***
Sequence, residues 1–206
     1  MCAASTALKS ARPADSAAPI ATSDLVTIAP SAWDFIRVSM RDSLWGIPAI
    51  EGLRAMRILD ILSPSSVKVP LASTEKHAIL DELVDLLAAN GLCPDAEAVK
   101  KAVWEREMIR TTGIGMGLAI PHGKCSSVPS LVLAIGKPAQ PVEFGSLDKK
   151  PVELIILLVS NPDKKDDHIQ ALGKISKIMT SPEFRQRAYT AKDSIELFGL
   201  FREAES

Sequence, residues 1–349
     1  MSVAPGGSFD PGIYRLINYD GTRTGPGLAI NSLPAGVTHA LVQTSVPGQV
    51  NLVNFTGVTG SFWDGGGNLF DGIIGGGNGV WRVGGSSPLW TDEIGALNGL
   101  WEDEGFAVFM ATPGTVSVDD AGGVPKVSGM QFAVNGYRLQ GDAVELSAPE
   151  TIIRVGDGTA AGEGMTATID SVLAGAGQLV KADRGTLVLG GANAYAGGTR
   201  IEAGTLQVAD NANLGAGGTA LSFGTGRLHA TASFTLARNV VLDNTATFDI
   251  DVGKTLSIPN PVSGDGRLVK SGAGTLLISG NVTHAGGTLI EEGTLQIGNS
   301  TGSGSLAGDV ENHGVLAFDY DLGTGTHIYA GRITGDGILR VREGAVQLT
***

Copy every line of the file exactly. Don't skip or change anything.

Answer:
Sequence, residues 1–206
     1  MCAASTALKS ARPADSAAPI ATSDLVTIAP SAWDFIRVSM RDSLWGIPAI
    51  EGLRAMRILD ILSPSSVKVP LASTEKHAIL DELVDLLAAN GLCPDAEAVK
   101  KAVWEREMIR TTGIGMGLAI PHGKCSSVPS LVLAIGKPAQ PVEFGSLDKK
   151  PVELIILLVS NPDKKDDHIQ ALGKISKIMT SPEFRQRAYT AKDSIELFGL
   201  FREAES

Sequence, residues 1–349
     1  MSVAPGGSFD PGIYRLINYD GTRTGPGLAI NSLPAGVTHA LVQTSVPGQV
    51  NLVNFTGVTG SFWDGGGNLF DGIIGGGNGV WRVGGSSPLW TDEIGALNGL
   101  WEDEGFAVFM ATPGTVSVDD AGGVPKVSGM QFAVNGYRLQ GDAVELSAPE
   151  TIIRVGDGTA AGEGMTATID SVLAGAGQLV KADRGTLVLG GANAYAGGTR
   201  IEAGTLQVAD NANLGAGGTA LSFGTGRLHA TASFTLARNV VLDNTATFDI
   251  DVGKTLSIPN PVSGDGRLVK SGAGTLLISG NVTHAGGTLI EEGTLQIGNS
   301  TGSGSLAGDV ENHGVLAFDY DLGTGTHIYA GRITGDGILR VREGAVQLT